Thursday, April 25, 2013
Next week marks the start of May.
Historically, the period between May and November is weak for the stock market. You've probably heard Wall Street advise investors to "sell in May and go away."
Here's a look at a few sectors you may want to "go away" from...
Transportation stocks have broken down. The iShares Transportation Fund (NYSE: IYT) broke down from a rising-channel pattern (the blue lines on the chart). It has formed a declining channel (the red lines) with a series of lower highs and lower lows. If this downtrend continues, IYT could erase all its gains so far this year and trade back down to $95 per share over the next few months...
As you can see from the following chart, the SPDR Industrials Fund (NYSE: XLI) is forming a similar pattern...
The materials sector is rolling over, too. But the pattern is a little different. The SPDR Materials Fund (NYSE: XLB) looks like it's completing the right shoulder of a "head and shoulders" formation. If it fails to make a new high and then breaks below support at $37.30 per share, XLB could collapse to the next support zone near $35...
One sector that isn't rolling over is utilities. In fact, utility stocks are among the market's best performers so far this year. But the move is starting to look parabolic...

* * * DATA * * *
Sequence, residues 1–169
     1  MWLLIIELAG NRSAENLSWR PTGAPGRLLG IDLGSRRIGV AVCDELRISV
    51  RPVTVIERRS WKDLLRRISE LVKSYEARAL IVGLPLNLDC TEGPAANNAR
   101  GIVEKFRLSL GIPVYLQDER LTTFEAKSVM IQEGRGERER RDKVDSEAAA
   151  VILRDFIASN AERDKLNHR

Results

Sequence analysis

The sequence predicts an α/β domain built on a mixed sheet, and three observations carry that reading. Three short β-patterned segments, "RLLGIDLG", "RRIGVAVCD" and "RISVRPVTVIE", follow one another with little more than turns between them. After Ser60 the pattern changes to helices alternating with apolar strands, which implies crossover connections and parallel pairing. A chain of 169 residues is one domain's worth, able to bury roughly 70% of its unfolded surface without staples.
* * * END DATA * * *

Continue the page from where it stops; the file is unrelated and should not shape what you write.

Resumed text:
Parabolic moves always end badly. They get overstretched to the upside and then suddenly turn lower. The resulting decline usually wipes out at least 50% (or more) of the move higher. So while utility stocks aren't showing the cautionary weakness of the other sectors, they're still vulnerable to a swift move lower.
– Jeff Clark
On Tuesday, Jeff shared three measures of economic activity that indicate the U.S. economy is in a recession. See the charts he's keeping his eye on – and learn why he says the conspiracy theorists may be right – here.
Consumer spending keeps humming along... big retailers Target and Costco break out to new all-time highs.
"Private equity" companies Blackstone and Fortress are up 32%-plus already in 2013.
Semiconductor giant Intel breaks out to a six-month high.